The Value of Value

Have you ever noticed that plants seem to thrive even in the harshest environments, as long as there is light, which they turn into food, and at least some moisture? Animals, too, seem to adapt quite well to adverse environments as long as there is food and water. People share these traits, but it seems that food and water are not the main requirements for survival. Well, yes, they are, on a subsistence level, but human beings exist beyond mere survival. They understand their lives best on an emotional plane. Here, food and water are necessary but life depends upon something else.

Today I met three very different people. The first was a man today who is looking for work. Because of where he is living, I assume he is working through some past struggles in his life. I would have loved to offer him a job and help him get set up in an apartment of his own, but that was not what he needed from me. The second was a friend who struggles with health, financial, and family issues. I would love to pay off some of her medical bills, help her learn to eat more healthily, and offer assistance in raising her children, but she doesn’t need those things from me. The third was an elderly lady who struggles with constant back pain and has trouble getting around. I wish I had the time to run errands for her and just sit with her to help pass the time. But, again, those are not what she needs from me.

As a teacher, I know that the greatest dis-service I can offer is to do things for my students and to give them the answers. All that does is reinforce the idea that they are not very capable on their own. Human beings have the unique ability to figure out how to survive, how to adapt, and how to change their circumstances all by themselves. All these things I’d like to do for the three people I met today would be very nice, and deeply appreciated. But that’s not what these people need. People are rather amazing creatures. They can survive against incredible odds – if they know that they matter to someone else, if they understand that their existence is important to someone else.

Businesses try to make their customers feel welcome with greetings like, “Welcome to Sonic! How may I help you?” and “Welcome to Verizon Wireless!” All that does is wave their brand in your face (or ear). Some of us remember the doormen at the posh hotels. (I don’t personally remember them, but I have seen them…) The doormen were not there to welcome guests to whatever the name of the hotel was, but to simply welcome them, to greet them in person. If the guests were welcomed as persons of worth, the assumption was, they would feel worthy within that hotel, and because they felt worthy, they would return again and again, regardless of the cost. There are times we shop in certain stores because we want the absolute lowest price. But there are other times when we do business because of the personal service we receive, and we choose to go back to that business because we feel better about shopping there than in a business where the price might be a bit lower but the service is more impersonal. Churches are beginning to realize that it is not the details of doctrine that matter most to prospective members, but it is the feeling of personal value that determines whether or not people will return and possibly choose that church as their house of worship.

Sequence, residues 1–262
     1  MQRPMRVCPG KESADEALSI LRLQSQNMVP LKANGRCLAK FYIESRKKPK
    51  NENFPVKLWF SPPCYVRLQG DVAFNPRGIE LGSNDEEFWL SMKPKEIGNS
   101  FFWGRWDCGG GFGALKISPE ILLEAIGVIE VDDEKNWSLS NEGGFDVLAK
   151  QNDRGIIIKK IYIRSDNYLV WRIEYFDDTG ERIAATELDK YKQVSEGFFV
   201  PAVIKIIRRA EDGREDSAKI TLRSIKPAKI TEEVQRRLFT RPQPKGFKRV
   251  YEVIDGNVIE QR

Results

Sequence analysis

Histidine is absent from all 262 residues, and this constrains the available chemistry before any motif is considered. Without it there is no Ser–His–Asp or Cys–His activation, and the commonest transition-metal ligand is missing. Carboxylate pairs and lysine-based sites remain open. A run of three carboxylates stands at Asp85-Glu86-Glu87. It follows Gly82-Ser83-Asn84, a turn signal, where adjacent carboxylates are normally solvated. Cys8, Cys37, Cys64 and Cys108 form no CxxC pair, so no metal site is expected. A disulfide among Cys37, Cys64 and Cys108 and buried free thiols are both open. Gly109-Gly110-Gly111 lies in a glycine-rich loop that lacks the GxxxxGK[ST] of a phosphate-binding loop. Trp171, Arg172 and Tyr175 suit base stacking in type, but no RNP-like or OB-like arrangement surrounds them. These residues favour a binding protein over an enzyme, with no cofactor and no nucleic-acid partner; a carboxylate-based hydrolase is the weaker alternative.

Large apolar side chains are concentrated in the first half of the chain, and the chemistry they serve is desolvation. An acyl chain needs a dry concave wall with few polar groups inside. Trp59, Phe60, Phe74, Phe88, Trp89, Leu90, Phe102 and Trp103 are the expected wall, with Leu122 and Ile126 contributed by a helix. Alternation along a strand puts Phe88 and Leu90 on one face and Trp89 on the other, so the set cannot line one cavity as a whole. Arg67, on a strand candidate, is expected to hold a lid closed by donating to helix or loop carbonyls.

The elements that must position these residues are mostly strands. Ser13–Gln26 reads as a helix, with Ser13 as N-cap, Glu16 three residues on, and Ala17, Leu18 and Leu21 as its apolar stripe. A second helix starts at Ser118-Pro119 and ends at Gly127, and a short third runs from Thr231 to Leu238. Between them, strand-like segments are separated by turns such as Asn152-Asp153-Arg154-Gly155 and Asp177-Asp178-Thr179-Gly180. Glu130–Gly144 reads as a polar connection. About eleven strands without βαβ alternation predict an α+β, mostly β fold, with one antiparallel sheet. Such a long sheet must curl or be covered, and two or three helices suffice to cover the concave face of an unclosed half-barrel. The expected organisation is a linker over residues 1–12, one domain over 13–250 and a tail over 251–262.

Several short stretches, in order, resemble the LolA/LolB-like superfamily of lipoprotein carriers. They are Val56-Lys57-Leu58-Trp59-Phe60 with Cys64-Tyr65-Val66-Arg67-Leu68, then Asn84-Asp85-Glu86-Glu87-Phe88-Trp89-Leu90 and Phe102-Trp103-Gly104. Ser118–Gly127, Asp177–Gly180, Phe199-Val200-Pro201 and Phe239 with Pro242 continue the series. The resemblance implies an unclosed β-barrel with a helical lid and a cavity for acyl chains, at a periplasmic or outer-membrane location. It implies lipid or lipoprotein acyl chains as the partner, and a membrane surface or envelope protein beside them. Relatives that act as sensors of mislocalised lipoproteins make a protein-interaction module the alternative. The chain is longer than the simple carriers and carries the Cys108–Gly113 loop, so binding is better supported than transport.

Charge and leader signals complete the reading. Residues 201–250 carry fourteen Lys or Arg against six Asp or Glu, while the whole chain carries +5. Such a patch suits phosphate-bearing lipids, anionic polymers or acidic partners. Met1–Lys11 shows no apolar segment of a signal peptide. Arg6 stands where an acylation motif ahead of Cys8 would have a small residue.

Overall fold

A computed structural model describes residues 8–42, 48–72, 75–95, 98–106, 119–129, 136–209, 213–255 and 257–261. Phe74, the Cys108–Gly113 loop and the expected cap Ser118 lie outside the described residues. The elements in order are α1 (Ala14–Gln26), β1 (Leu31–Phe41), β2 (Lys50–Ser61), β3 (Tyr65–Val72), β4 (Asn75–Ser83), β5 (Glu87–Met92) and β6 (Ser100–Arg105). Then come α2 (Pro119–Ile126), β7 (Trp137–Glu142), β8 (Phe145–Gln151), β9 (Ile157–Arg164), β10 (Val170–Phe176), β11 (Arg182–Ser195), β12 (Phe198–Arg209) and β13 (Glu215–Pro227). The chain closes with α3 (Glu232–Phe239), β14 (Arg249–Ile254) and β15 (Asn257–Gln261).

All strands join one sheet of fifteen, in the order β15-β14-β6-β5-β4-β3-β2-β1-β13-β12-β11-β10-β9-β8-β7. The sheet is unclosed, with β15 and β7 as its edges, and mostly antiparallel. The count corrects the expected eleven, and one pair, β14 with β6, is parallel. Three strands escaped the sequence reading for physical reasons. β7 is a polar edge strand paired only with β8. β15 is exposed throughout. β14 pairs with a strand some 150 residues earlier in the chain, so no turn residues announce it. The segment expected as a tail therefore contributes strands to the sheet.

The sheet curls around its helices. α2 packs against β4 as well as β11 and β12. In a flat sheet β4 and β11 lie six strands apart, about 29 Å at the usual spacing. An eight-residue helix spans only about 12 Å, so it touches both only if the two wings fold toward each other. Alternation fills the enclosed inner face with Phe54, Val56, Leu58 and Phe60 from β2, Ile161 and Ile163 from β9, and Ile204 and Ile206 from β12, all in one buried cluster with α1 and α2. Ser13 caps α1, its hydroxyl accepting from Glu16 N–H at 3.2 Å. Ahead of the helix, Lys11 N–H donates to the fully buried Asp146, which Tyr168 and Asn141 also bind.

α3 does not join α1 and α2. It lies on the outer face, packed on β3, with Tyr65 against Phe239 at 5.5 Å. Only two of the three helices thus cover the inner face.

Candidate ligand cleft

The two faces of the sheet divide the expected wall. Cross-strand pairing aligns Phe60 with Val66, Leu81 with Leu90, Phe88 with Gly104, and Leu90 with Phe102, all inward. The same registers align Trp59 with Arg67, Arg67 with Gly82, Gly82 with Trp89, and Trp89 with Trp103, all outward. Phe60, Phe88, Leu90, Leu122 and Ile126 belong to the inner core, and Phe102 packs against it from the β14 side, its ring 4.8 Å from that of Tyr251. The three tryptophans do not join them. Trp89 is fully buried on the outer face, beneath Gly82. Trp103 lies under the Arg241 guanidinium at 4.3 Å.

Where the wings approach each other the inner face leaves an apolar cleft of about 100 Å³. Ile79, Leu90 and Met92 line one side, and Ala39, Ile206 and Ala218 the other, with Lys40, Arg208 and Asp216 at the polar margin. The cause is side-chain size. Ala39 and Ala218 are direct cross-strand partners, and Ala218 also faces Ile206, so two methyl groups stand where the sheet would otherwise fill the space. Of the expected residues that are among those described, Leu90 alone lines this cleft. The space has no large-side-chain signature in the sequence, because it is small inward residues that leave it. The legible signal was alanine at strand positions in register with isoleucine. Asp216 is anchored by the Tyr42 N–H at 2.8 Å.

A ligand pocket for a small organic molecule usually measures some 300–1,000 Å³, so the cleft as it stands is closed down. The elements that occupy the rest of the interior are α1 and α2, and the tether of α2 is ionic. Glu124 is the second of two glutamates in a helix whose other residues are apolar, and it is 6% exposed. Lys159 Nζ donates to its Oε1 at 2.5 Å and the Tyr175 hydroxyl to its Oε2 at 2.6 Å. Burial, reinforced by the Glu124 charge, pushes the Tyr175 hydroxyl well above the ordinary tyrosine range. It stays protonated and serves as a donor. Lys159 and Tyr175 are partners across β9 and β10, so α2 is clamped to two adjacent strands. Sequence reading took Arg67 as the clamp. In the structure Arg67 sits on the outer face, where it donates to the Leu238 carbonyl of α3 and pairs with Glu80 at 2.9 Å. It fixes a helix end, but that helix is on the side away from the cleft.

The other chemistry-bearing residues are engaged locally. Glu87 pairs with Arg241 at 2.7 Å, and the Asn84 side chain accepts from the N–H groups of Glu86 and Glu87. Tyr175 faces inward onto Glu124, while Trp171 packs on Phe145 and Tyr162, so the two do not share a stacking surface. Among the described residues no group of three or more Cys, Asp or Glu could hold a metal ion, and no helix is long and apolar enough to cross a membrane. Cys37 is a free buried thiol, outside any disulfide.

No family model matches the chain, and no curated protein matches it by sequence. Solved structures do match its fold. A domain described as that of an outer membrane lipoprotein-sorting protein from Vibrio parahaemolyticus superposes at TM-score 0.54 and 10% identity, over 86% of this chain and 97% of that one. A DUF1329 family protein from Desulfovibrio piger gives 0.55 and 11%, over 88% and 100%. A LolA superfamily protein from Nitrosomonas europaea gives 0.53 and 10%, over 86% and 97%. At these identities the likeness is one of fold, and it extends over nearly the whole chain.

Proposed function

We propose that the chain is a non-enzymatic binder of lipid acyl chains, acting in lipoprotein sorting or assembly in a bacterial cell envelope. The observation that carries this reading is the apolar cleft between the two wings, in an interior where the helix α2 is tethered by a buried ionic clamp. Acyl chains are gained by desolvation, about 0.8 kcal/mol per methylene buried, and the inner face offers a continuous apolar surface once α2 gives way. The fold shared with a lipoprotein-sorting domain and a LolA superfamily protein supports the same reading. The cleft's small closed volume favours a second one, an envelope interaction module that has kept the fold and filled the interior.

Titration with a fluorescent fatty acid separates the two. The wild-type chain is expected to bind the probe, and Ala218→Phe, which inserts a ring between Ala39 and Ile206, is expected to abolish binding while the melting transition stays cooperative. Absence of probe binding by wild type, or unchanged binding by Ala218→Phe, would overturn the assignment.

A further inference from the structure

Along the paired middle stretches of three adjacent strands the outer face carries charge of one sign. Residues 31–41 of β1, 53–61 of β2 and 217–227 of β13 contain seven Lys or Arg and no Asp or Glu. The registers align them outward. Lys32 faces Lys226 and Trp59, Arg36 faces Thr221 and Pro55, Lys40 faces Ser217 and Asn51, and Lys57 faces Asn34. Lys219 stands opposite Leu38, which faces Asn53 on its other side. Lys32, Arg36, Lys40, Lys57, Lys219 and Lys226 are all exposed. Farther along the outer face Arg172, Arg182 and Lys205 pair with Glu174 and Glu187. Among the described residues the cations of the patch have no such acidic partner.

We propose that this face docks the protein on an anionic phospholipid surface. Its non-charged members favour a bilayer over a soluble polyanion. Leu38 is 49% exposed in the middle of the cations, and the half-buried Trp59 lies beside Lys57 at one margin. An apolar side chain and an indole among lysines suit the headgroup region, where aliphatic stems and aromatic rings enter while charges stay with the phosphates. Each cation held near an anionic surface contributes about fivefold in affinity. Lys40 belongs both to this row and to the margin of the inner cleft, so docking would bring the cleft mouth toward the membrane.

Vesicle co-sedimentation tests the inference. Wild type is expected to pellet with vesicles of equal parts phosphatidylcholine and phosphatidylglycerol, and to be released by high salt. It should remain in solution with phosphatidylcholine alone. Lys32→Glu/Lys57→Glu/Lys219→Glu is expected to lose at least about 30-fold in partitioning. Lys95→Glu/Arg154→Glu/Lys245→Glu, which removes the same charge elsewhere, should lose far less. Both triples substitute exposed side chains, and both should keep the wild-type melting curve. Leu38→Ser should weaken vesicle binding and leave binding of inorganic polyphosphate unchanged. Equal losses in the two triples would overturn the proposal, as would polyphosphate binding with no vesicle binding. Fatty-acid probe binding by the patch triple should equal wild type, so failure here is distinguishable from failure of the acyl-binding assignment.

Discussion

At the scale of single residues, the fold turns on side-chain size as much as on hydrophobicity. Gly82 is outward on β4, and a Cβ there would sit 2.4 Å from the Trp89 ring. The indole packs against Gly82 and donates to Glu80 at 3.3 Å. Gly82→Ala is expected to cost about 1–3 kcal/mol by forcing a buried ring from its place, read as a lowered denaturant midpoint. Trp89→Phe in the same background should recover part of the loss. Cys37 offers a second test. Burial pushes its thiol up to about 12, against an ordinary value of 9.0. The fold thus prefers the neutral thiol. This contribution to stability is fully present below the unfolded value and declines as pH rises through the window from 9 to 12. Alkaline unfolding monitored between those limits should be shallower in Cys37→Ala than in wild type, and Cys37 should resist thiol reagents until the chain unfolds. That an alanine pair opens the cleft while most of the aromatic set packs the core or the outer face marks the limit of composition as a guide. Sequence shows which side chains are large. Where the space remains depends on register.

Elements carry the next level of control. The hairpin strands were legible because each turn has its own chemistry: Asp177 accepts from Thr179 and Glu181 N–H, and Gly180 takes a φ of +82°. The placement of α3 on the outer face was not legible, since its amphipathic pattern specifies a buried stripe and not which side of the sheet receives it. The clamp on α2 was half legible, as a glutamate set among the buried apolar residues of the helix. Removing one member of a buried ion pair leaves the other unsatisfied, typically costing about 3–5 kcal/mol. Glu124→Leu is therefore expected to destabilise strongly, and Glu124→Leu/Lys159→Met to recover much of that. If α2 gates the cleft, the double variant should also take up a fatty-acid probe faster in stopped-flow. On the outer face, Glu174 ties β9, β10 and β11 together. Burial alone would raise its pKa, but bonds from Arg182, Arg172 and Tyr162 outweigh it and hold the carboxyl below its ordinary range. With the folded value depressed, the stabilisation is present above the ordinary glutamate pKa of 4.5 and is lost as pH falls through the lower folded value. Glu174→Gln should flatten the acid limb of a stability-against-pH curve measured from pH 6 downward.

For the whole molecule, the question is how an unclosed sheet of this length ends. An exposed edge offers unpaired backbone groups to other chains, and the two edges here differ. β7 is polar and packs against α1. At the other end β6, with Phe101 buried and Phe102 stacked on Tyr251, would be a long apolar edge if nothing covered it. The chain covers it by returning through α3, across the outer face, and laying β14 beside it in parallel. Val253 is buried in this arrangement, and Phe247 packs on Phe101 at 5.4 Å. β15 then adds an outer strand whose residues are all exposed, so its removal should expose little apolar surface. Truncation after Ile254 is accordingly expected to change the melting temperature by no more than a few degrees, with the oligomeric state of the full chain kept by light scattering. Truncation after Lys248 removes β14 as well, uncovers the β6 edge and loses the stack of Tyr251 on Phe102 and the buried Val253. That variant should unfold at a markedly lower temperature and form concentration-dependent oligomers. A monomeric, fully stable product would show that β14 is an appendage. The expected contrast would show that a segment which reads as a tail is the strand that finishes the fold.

It is this feeling of personal value that my three people needed today. It wasn’t what I could give them or do for them, it was the value they felt I attached to them as people, just as they were at that moment. That’s what mattered.

The crazy thing about helping people to feel that they matter, is that I get the feeling that I matter, too. Valuing people becomes a cycle that keeps reinforcing itself in positive ways. Some people call this love. I’m not sure about that, but I do know that feeling valued is the difference between success and failure, thriving and not thriving, and in some cases, life and death. I have taught in a prison, and I was the only teacher who did not have a guard in or near the classroom at all times. I’m not sure why this was, but I rarely had problems with my students. I think the reason was that each and every student knew that I valued him as a person, regardless of the reason for his incarceration.

This past week there was a horrible mass shooting in a small Kansas community where no one would ever have dreamed such a thing would happen. But the shooter did not feel he was a valuable person and had a record of events that reinforced that feeling. I wonder…if each of my readers made a commitment to help other people feel valued, regardless of their circumstances, how many crimes could we prevent? How many lives could we save? How much healing could we bring to our corner of a very hurting world?

One thought on “The Value of Value

  1. So true! It is interesting…I now work in an office in which the Sr. Manger Assistant has not done well with the others that have been in my position, and yet, the simplest questions, the smallest comments, the fact that I have gone to her for assistance has made quite a difference on the dynamics of the office. She needed me for some reason to need her, which I do.

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